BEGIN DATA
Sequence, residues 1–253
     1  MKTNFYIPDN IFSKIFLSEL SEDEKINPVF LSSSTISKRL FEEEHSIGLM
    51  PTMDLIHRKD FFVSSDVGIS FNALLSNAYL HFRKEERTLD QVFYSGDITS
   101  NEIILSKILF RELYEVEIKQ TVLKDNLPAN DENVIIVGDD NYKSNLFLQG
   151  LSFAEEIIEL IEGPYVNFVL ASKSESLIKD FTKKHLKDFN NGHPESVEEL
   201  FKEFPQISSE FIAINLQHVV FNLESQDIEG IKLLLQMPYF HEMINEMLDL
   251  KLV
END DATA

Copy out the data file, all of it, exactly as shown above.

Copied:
Sequence, residues 1–253
     1  MKTNFYIPDN IFSKIFLSEL SEDEKINPVF LSSSTISKRL FEEEHSIGLM
    51  PTMDLIHRKD FFVSSDVGIS FNALLSNAYL HFRKEERTLD QVFYSGDITS
   101  NEIILSKILF RELYEVEIKQ TVLKDNLPAN DENVIIVGDD NYKSNLFLQG
   151  LSFAEEIIEL IEGPYVNFVL ASKSESLIKD FTKKHLKDFN NGHPESVEEL
   201  FKEFPQISSE FIAINLQHVV FNLESQDIEG IKLLLQMPYF HEMINEMLDL
   251  KLV